A suspected case of Ebola disease detected at the Nyaho Medical Centre in Accra on Sunday has tested “tentatively negative”, according to the Ghana Health Service.
Head of Disease Surveillance at the Ghana Health Service, Dr. Badu Sarkodie, told Joy News more work would be done Tuesday before a substantive conclusion would be announced.
“What it means is that whatever they [scientists who tested blood samples of the suspect victims] have done is not complete and there is the need for follow up tests”, said Dr Badu Sarkodie.
Four staff members of Nyaho Medical Centre have since been quarantined after they came into contact with an American citizen suspected to be carrying the deadly virus.
Blood samples of the suspected victim were subsequently taken for test at the Nugouchi Memorial Institute of Medical Research, which has given its preliminary report as negative.
Following the suspected case at the Nyaho clinic, the University of Ghana Medical Centre cautioned the general public against eating and getting close to animals found dead in rain forests as they may carry the Ebola virus.
Bush animals such as antelopes, fruit bats, dead porcupines, infected chimpanzees among others are said to harbor and spread the virus rapidly among them.
The fruit bats, especially, are said to naturally contain the virus.
Also any direct contact with such animals through broken skins or mucus membranes would result in a person acquiring the virus.
Dr. Theophilus Adiku, Head of Microbiology at the University of Ghana Medical Centre, who sounded the caution, explained to Joy News Monday, the only way to kill the Ebola virus was to thoroughly boil all edible meats obtains from the bush.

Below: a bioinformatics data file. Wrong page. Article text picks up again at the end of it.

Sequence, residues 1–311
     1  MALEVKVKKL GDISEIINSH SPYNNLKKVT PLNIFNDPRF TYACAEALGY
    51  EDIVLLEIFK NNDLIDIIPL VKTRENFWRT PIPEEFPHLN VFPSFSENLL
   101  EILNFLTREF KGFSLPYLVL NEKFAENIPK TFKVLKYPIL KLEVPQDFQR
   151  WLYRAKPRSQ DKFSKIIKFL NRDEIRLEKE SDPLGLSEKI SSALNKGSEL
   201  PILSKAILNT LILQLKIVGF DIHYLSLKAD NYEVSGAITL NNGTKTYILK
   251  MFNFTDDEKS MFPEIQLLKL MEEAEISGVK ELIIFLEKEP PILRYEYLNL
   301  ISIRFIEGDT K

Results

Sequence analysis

He said the cooking process should take up to 30 minutes or more due to the intensity of the infection, adding that contaminated meats ought to be disposed off with suspected patients, quarantined.
Ebola virus disease (EVD), formerly known as Ebola haemorrhagic fever, is a severe, often fatal illness in humans.
EVD outbreaks have a case fatality rate of up to 90%.
EVD outbreaks occur primarily in remote villages in Central and West Africa, near tropical rainforests.
The virus is transmitted to people from wild animals and spreads in the human population through human-to-human transmission.
Fruit bats of the Pteropodidae family are considered to be the natural host of the Ebola virus.
Patients require intensive supportive care. No licensed specific treatment or vaccine is available for both humans or animals.
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